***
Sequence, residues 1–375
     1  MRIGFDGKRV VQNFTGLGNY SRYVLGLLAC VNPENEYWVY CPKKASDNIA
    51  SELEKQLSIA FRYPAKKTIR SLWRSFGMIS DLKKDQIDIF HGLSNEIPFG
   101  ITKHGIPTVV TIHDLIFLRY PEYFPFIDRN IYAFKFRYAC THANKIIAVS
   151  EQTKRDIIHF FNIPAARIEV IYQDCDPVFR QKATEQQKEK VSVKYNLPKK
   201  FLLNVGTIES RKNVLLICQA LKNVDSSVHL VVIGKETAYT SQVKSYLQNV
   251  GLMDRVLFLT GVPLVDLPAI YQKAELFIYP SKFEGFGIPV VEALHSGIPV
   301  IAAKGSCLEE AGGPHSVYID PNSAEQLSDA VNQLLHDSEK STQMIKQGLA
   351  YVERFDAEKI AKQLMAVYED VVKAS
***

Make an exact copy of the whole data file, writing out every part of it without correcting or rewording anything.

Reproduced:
Sequence, residues 1–375
     1  MRIGFDGKRV VQNFTGLGNY SRYVLGLLAC VNPENEYWVY CPKKASDNIA
    51  SELEKQLSIA FRYPAKKTIR SLWRSFGMIS DLKKDQIDIF HGLSNEIPFG
   101  ITKHGIPTVV TIHDLIFLRY PEYFPFIDRN IYAFKFRYAC THANKIIAVS
   151  EQTKRDIIHF FNIPAARIEV IYQDCDPVFR QKATEQQKEK VSVKYNLPKK
   201  FLLNVGTIES RKNVLLICQA LKNVDSSVHL VVIGKETAYT SQVKSYLQNV
   251  GLMDRVLFLT GVPLVDLPAI YQKAELFIYP SKFEGFGIPV VEALHSGIPV
   301  IAAKGSCLEE AGGPHSVYID PNSAEQLSDA VNQLLHDSEK STQMIKQGLA
   351  YVERFDAEKI AKQLMAVYED VVKAS